What is it?

Collaborative housing is a movement that’s revolutionising the way homes are designed, built, lived in and valued. It encourages participation, sharing and community-building, while recognising that every household wants privacy, security and financial autonomy.

By enabling residents to share costs and pool resources, collaborative housing can make buying or renting a home cheaper. Add this to the benefits of living in a connected, supportive community and it’s easy to see why the movement is growing!

Collaborative housing is shaped by the people who’ll live there and is specifically designed to encourage social connection and be more affordable. It’s a broad term that covers a variety of housing types, but there are a few common features:
 

  • It contains a mix of private and shared space – residents agree on what’s private and what’s shared, allowing them to live more affordably and build a sense of community.
     

  • Sharing typically extends beyond the buildings to include vehicles, equipment and resources.
     

  • It’s designed to encourage informal social contact, whilst also allowing for privacy.
     

  • Residents have formative input in design and play a significant role the ongoing management of the community, though the level of input and how things are managed will vary from project to project.
     

  • Residents may be extended families, a group of friends, or strangers who’ve connected because they share a common vision for where and how they want to live.
     

  • Collaborative housing comes in all sizes, from a few homes sharing a single block to much larger developments. By incorporating sharing, it makes more efficient use of land than comparable developments.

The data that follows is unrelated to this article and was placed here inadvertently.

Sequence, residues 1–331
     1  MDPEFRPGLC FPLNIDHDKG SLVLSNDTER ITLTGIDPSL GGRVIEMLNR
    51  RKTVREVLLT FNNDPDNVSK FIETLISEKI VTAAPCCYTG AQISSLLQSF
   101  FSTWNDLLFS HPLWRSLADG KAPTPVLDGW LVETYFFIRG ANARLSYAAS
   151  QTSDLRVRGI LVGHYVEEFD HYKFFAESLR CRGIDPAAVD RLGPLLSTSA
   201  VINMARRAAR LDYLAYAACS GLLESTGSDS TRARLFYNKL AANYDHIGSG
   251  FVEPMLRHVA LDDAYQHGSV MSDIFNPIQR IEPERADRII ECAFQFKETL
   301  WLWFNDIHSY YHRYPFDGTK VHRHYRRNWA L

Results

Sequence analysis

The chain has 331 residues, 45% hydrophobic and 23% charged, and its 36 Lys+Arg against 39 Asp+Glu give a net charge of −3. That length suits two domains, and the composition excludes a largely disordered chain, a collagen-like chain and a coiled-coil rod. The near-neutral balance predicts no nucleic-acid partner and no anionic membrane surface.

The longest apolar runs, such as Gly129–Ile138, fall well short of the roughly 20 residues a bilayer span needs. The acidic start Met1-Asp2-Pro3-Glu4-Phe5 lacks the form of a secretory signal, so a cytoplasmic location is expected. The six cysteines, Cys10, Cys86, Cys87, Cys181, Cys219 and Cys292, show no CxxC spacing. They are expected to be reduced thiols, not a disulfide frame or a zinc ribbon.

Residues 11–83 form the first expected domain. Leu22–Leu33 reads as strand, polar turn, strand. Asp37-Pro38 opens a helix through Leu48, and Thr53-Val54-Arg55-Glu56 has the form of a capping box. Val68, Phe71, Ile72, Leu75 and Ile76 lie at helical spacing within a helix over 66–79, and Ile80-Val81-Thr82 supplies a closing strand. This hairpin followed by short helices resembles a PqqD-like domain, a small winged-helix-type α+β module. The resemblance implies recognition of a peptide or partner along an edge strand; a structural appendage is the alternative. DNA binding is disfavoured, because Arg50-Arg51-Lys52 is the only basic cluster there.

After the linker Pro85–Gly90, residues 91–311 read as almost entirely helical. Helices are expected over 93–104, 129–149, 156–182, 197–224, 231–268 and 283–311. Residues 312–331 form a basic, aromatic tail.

• Collaborative housing can be for both owners and renters, and there are options to suit all ages and demographics.


There is a spectrum of collaborative housing, from alternative to mainstream. It entirely depends on resident preferences. At the alternative end are ‘intentional communities’ like Narara Eco Village, and at the mainstream end are examples like Nightingale or Balmain.

Although communal and intergenerational living is not a new concept, collaborative housing is a recent addition to the landscape of mainstream housing choices in Australia. It’s a movement that’s well known in northern Europe and parts of the US, and it is gathering momentum in Australia as awareness of its potential and many benefits grows.

Find out more about collaborative housing.

What is collaborative living?

Collaborative living is a new way of thinking about home, work, community and how we live our daily lives. Inspired by demographic and social change, it is also a response to rising living costs, the
housing affordability crisis, the ‘loneliness epidemic’ and the growing ecological footprint of cities.

 

Collaborative living is about building stronger communities by emphasising social connection and looking for beneficial ways to share resources and pool skills. The sharing economy is one example of collaborative living, collaborative housing is another.

 © 2019 University of Technology Sydney